St. Anton and surrounding villages/resorts are served by a network of bus routes. In the town itself, there are two hubs; known as the "Terminal Ost" and the "Terminal West". "Terminal Ost" gives access to the Nassereinbahn Gondola and the "Terminal West" to the Galzigbahn/ Rendlbahn gondolas as well as the town's railway station. There is a route with frequent, year-round services between St. Anton and Landeck, the latter being a town located at the entrance to the main valley (Stanzertal, as it is known in the local area). Frequent free bus services also operate between different parts of St. Anton town as well as from Pettneu, Schnann and Flirsch.
In popular culture
The resort was featured extensively in the 2011 film Chalet Girl, a romantic comedy starring Felicity Jones, Ed Westwick and Bill Nighy. The resort of Garmisch-Partenkirchen in Germany was also used for some interior shots.
Was the site used for the 1995 music video “Light Years” for Jamiroquai’s fourth single from their sophomore album “The Return Of The Space Cowboy”.
St. Anton was also the setting for the film "Der Weisse Rausch", starring Leni Riefenstahl and local ski instructor Hannes Schneider. Made in 1931, the comedy film was a fictional account of the skiing exploits of a young village girl, played by Riefenstahl, and her attempts to master the sport of skiing and ski-jumping aided by the local ski expert Hannes Schneider. The film was one of the first to use and develop outdoor film-making techniques and featured several innovative action-skiing scenes. Riefenstahl went on to make Nazi propaganda films and, post-war, subsequently lived in Africa where she continued film-making, but now of life in the African bush. She survived two fatal crashes, a helicopter and a road accident, in the process. Hannes Schneider, post-war, became the world-famous ski instructor of the downhill skiing method known as the "Arlberg technique".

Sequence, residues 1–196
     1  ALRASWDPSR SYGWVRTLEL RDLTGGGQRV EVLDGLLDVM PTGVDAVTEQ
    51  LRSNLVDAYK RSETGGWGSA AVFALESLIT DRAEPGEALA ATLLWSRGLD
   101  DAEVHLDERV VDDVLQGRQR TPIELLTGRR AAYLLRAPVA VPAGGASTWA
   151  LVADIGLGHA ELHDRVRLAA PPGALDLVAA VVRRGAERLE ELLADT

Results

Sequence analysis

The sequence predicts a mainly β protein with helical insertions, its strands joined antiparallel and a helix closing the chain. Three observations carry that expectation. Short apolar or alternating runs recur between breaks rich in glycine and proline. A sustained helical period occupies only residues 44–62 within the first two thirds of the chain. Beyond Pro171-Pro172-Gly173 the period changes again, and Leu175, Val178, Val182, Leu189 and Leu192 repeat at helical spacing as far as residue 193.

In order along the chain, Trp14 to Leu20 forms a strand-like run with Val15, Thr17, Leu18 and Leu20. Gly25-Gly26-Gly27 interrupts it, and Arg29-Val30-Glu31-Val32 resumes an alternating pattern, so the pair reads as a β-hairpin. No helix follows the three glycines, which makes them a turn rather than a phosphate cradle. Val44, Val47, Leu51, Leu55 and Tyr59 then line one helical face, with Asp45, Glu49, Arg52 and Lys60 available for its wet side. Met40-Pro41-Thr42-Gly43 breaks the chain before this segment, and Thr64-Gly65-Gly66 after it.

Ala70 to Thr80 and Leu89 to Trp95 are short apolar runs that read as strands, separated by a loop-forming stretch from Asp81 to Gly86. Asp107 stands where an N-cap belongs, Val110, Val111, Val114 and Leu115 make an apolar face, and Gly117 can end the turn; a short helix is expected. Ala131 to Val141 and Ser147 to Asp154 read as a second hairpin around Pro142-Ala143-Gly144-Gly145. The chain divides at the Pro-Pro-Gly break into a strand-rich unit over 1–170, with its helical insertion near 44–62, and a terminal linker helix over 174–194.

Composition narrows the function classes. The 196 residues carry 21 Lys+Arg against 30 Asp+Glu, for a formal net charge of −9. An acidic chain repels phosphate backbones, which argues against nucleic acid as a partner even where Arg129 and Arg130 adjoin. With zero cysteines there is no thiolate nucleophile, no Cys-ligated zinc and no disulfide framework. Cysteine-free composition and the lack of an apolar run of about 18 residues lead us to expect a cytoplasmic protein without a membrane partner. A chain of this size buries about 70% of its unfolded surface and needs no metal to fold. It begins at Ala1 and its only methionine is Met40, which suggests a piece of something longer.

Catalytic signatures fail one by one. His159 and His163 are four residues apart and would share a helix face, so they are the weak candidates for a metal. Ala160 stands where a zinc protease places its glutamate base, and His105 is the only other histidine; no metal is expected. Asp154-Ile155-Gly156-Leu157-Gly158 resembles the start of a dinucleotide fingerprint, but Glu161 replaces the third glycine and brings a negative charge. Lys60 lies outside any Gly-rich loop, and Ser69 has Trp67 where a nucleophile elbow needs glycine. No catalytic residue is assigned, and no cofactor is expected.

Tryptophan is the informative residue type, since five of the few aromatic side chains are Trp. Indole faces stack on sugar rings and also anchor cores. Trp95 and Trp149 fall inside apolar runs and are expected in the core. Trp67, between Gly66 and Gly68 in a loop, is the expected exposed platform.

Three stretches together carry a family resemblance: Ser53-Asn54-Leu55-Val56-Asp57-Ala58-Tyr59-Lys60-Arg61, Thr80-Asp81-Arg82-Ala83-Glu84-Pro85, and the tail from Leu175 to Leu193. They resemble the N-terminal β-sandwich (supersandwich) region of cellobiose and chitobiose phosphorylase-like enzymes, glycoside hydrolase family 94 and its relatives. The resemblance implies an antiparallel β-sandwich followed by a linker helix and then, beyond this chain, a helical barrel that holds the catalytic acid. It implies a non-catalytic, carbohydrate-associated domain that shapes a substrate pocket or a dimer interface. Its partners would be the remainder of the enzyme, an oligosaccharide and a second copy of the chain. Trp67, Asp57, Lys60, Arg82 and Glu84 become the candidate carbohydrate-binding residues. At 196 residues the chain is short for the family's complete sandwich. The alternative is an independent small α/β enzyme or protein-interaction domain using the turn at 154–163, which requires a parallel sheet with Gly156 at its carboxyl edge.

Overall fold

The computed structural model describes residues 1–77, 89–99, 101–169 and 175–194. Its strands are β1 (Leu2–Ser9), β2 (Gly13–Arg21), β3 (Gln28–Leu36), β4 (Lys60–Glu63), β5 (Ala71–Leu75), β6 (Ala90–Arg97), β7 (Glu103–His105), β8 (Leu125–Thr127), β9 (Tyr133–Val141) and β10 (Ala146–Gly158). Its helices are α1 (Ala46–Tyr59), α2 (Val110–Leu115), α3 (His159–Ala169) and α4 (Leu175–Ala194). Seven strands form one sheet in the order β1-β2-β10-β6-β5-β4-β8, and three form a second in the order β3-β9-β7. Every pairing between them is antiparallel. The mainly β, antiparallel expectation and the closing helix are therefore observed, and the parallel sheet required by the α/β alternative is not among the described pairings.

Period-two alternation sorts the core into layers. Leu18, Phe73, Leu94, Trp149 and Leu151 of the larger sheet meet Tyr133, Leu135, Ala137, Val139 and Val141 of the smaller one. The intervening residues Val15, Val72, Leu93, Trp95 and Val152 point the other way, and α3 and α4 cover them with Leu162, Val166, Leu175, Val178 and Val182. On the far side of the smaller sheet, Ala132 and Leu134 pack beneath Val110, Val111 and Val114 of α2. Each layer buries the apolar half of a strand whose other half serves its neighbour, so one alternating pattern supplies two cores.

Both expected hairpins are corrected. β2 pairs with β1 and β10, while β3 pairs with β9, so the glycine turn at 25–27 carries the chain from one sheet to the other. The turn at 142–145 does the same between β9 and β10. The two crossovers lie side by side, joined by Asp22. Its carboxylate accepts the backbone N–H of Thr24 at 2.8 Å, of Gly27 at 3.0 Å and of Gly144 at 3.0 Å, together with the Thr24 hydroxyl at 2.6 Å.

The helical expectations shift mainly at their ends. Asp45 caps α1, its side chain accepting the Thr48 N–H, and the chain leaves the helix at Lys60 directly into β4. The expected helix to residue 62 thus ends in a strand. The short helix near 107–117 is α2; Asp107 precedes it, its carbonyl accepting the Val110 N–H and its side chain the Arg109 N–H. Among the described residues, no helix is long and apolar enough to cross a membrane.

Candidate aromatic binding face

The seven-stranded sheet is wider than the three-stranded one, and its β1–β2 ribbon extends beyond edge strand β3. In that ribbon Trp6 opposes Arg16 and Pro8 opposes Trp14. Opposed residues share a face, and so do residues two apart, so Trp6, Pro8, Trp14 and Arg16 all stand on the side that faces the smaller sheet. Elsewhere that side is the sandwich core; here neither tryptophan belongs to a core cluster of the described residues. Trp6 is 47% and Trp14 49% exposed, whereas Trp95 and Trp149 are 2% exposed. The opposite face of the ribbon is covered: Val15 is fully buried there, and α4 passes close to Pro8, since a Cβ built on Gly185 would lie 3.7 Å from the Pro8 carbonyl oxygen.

- Elevation: village: 1,304 m (4,278 ft); top: 2,811 m (9,222 ft).
- Vertical: 1,507 m (4,944 ft).
- Longest run: 10.2 km (6.3 mi), Valluga to St. Anton.
- Lifts: 94 (Ski*Arlberg); 11 gondolas; 51 chairlifts (one 10-passenger, one 8-passenger, fifteen 6-passenger, 15 quads, 1 triples, 18 doubles); 32 T-bars lifts.
- Lift capacity: 151,010 per hour.
- Ski season: early December to late April.
- Cross country: 41 km (25 mi) total: Stanzertal 22 km (14 mi), Verwall 10 km (6 mi), St Christoph 2.5 km (2 mi), Ganderau 3 km (1.9 mi), Reit 2 km (1.2 mi), Pofel 15 km (9.3 mi)
- Mountain restaurants: 18.
- Après-ski: ski museum; 15 cafés, 8 ice bars, 3 discos, 7 bars.
- Lodging: 8,900 beds; hotels, gasthof, apartments, private pensions in St. Anton, St Jakob and St Christoph.
- "Dauersiedlungsraum der Gemeinden Politischen Bezirke und Bundesländer - Gebietsstand 1.1.2018". Statistics Austria. Retrieved 10 March 2019.
- "Einwohnerzahl 1.1.2018 nach Gemeinden mit Status, Gebietsstand 1.1.2018". Statistics Austria. Retrieved 9 March 2019.
- "St Anton". Alpine Marketing. Retrieved 2016-04-28.
- "Sankt Anton Winter", www.stantonamarlberg.com, 2011 ; Web page: www.stantonamarlberg.com/winter/ViewPage.asp?Site=STANTON2-WINTER&PageID=206&lang=201 Archived 2008-10-04 at the Wayback Machine.
- Chris Gill and Dave Watts, Where to Ski and Snowboard 2007, ISBN 0-9536371-8-2.
- John Darrell Sherwood, "Going Further Afield: St. Anton, Austria", 23 February 2003
- Ski-Europe article on St. Anton.
- Jacqueline McGibbon, The Business of Alpine Tourism in a Globalising World – an anthropological study of international tourism in the village of St. Anton am Arlberg in the Tirolean Alps.
|Wikimedia Commons has media related to Sankt Anton am Arlberg.|
- Official website
- Arlberger Bergbahnen AG (cable car company)
- Weather, webcams, videos, etc. from Sankt Anton am Arlberg